Monday, January 18, 2010

Wreath distribution in the two cemeteries north and south of Madison's Speedway Road

South of Speedway Road
These two Madison cemeteries date back to the mid-19th Century, when the city of Madison bought a single parcel of land spanning what's now Speedway Road. The city retained the land to the south for Forest Hill Cemetery, and sold the northern section to the Diocese of Madison for use as a Catholic cemetery that's now called Resurrection Cemetery.

North of Speedway RoadForest Hill is hillier and has more trees (the high ground was also used as a Native American burial site). Resurrection Cemetery is flatter and has fewer trees. But this time of year, the biggest difference between the two cemeteries seems to be the distribution of holiday wreaths. The newer sections of Resurrection Cemetery contain numerous wreaths, most of which seem to have come from the same supplier, each having a large red ribbon and three large pine cones. In contrast, there are fewer wreaths in Forest Hill. They're more scattered and there seems to be a greater variety of designs, as if they came from different places.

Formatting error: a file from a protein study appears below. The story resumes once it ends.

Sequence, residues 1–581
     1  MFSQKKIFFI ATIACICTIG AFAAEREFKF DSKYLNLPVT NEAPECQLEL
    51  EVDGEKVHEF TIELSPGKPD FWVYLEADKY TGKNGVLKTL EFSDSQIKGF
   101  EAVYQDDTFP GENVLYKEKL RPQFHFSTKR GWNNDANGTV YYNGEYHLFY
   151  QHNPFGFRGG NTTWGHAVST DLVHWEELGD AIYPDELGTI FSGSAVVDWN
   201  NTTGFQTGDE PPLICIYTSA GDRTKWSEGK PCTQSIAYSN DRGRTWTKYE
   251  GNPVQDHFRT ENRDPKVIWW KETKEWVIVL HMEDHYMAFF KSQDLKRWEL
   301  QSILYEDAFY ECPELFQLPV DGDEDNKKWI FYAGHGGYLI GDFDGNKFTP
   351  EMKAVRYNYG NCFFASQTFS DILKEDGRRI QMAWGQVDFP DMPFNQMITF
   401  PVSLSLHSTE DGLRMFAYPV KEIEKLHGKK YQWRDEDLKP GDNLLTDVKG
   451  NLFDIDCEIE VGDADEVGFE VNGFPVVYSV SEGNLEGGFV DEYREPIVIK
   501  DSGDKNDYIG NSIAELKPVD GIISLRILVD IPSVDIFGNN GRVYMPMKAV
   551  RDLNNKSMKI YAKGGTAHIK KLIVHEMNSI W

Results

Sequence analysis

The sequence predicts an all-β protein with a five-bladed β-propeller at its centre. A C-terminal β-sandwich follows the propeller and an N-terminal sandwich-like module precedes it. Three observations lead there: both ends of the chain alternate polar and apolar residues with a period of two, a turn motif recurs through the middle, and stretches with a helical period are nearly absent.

Curious what accounts for the difference. Anyone know?


Anonymous said...

You say that the wreaths are in the newer sections of Resurrection. Perhaps that's the answer. A call to Cress or Resurrection's caretaker would probably answer this quickly.

Citizen Reader said...

Newer section is a good guess; perhaps Resurrection also offers some sort of fee-added service with their plots (so much for wreaths placed on graves for first few years or something).

Are there Catholics in Forest Hill Cemetery? I am Catholic, and I know we differ a bit from Protestants in really attaching importance to prayer for the dead. Maybe we're more into decorating and venerating grave sites as well?

Ms. Wis./Each Little World said...

I think it is most likely that there is little space left for new graves, mostly just small spaces to bury ashes, in Forest Hill. (I know this from having purchased a plot a few years ago). Many of the graves there are historic and would no longer have family to tend to them. It is a lovely place to go for a walk and look at Elvehjem's art deco monument or LaFollette's or Frederick Jackson Turner's.